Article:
Jamies Italian made its way into York a couple of years ago, neatly plonking itself into a space behind the post office that begged us to wonder how many other neatly concealed enclaves begged investment in our fair city. It takes seconds to realise how much effort has been put into the surrounds to make it a fantastic place to eat, not fussy but clearly expensive and neatly realised to become a large restaurant with lots of nooks and crannies to explore.
My only previous experience of Jamies Italian was a working lunch at which a colleague, somewhat embarassingly, insisted on the optional service charge being removed from the bill for reasons I wasn’t quite able to ascertain. I can’t remember much about the food, so the chance to revisit under more social circumstances when I was invited was easy to accept.
Approaching past the entrance to Lendal Cellars, perhaps not ideal given the propensity for smokers to congregate there, the understated glass frontage welcomes you away from the bustle of St. Helen’s Square into a slightly less frantic environment.
Taking up our table, a server quickly gave us menus and a taste of a pea risotto before reeling off the most startlingly in-depth description of the day’s specials I’ve ever heard – by the time she’d finished I’d forgotten how she started. I had to restrain myself from a round of applause for the feat!
Starting with arancini balls and “worlds best olives on ice” we chose a Chianti to see us through the evening and waited for our first dishes. The olives certainly were extremely nice, but to describe them as the best in the world is pretty hard to justify. The cold ice did give them a refreshing tang and the sharp tapenade worked nicely with the crunch of crispbreads.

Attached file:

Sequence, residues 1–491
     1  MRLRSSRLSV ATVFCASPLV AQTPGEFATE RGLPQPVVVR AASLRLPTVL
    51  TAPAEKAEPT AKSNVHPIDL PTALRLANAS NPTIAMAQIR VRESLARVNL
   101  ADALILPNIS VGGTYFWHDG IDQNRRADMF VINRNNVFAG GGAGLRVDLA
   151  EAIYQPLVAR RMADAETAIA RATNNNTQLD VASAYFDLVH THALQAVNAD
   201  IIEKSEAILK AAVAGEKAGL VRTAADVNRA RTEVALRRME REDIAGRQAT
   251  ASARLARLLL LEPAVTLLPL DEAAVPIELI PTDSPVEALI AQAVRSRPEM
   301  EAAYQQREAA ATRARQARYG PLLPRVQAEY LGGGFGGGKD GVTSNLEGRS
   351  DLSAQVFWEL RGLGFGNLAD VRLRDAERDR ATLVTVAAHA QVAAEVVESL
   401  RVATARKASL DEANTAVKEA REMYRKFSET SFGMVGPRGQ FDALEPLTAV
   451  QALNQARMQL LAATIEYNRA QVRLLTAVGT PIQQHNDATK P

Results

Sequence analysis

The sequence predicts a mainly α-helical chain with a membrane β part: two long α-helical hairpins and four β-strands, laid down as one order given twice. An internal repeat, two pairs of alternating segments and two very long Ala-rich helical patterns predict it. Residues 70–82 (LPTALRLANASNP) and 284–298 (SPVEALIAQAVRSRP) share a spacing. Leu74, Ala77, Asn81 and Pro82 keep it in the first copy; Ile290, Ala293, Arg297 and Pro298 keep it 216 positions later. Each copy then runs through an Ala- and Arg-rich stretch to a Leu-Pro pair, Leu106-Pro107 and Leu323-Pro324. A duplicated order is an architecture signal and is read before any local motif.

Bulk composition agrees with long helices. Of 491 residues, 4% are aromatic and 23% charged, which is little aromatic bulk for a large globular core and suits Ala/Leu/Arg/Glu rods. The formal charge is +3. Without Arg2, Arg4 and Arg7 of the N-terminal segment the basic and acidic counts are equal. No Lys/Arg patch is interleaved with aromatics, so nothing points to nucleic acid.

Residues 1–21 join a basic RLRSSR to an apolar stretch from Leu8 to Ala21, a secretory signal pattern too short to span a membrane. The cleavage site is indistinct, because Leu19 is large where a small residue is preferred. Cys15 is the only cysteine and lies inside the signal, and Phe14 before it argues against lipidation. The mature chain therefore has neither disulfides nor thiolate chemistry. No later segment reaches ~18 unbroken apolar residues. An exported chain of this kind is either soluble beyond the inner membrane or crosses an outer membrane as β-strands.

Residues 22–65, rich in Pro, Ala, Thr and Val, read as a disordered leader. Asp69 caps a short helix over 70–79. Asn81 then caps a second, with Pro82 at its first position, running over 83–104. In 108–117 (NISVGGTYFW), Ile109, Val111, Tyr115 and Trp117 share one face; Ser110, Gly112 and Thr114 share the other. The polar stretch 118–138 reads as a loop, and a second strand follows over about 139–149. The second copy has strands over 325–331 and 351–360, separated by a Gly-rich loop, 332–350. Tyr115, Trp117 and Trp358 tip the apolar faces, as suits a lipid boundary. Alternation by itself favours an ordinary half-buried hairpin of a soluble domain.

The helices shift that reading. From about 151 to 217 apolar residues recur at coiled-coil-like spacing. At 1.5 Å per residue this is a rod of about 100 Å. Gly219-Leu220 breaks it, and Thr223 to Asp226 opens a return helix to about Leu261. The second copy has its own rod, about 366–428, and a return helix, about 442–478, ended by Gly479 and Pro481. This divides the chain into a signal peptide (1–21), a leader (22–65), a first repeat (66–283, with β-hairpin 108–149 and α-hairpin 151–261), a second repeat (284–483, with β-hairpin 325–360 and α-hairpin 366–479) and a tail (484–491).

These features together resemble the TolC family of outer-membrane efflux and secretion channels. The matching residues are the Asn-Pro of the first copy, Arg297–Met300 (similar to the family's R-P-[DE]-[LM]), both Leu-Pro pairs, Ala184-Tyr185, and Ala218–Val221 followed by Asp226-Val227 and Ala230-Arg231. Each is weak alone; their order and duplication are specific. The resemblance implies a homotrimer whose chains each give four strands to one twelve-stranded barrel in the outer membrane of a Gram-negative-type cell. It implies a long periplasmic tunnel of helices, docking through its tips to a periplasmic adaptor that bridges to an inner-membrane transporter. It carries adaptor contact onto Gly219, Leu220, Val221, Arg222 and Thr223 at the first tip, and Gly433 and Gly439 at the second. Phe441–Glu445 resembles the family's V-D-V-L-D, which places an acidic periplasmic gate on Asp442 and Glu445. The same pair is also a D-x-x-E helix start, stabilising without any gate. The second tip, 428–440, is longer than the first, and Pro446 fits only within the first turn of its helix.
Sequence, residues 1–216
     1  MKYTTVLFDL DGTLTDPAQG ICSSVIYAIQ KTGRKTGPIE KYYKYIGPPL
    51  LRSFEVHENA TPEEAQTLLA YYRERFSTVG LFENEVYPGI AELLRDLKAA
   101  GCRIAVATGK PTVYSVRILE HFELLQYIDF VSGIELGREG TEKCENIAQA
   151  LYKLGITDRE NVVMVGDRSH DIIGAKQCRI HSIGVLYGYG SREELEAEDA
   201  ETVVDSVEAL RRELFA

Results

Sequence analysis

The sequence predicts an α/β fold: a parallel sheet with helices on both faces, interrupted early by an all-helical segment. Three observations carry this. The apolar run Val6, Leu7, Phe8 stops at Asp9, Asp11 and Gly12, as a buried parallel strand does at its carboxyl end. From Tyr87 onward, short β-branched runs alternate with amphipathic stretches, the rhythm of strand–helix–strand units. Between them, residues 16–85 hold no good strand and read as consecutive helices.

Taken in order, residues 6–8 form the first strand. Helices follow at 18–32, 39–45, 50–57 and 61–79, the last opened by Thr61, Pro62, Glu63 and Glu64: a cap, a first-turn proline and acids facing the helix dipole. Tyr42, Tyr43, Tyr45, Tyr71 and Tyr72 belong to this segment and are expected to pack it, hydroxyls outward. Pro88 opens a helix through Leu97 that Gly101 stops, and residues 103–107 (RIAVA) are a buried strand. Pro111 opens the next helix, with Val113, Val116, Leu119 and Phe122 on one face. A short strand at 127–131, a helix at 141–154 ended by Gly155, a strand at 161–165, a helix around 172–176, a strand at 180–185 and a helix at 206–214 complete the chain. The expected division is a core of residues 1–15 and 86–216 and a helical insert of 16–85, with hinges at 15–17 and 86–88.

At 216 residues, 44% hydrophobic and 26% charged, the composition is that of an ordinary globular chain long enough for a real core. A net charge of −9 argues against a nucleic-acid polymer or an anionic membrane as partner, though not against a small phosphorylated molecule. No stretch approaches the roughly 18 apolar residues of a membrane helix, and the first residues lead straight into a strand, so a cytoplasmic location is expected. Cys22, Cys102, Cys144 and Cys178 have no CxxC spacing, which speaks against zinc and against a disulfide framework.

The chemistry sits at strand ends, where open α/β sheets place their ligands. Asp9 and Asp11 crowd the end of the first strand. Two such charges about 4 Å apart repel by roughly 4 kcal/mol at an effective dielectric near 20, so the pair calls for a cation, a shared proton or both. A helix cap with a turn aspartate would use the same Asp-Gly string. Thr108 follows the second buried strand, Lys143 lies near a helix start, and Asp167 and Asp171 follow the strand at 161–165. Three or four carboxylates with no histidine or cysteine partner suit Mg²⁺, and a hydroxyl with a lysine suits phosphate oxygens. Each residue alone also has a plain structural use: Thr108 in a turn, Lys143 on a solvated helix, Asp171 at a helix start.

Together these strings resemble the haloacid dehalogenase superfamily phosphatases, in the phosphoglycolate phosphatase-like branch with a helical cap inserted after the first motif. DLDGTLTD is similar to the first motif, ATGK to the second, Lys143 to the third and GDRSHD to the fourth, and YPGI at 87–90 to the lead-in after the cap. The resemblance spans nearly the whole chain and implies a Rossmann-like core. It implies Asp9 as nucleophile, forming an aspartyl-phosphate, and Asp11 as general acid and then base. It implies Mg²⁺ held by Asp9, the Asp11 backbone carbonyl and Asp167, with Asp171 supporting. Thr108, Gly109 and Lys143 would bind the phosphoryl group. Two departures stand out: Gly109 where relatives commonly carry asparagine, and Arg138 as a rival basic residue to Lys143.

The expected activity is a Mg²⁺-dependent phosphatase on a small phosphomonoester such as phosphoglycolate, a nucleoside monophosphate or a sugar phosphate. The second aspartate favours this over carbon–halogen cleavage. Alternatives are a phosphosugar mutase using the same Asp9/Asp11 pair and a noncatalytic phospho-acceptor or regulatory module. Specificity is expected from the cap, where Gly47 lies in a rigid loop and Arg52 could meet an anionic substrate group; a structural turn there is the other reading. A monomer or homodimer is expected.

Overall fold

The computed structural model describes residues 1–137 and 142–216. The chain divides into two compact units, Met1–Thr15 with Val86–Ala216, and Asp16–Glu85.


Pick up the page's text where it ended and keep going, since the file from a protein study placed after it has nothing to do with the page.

Arancini is generally a risky proposition as a starter, tricky to deliver the range of textures it needs to be successful while retaining any lightness; it’s so easy to overwhelm the subsequent course. This example managed to stay just the right side of that balance, gooey centre guarded by a crisp shell that gave up a good kick of chilli.
Regaining our composure while waiting for mains, we gave more thought to the wine. Served a touch too warm and lacking ultimate character, it wasn’t a disaster, but hardly comment worthy.
Mains of bolognese and osso buco appeared after a polite pause and looked the part, polenta chips giving body on the side. The effort taken to make pasta on site every day paid off with the eggy, luxurious ribbons carrying the bolognese sauce. My companion noted that the mince was more finely ground than she prefers, but the flavours were on the money. The slow cooked pork at the centre of the osso buco fell apart at the mere mention of a fork and had a well-judged orange undercurrent to the sauce.
Stumbling back into the York night, we felt like we’d enjoyed every calorie of the meal and ruminated on the value. A bill of seventy pounds wasn’t painful, but neither did it feel like a bargain. Not a totally note perfect meal, but a fantastic venue with well-realised dishes, the building alone is a good investment in York’s food scene!
Disclosure: A proportion of the meal was covered by Jamies Italian, no editorial requests were made.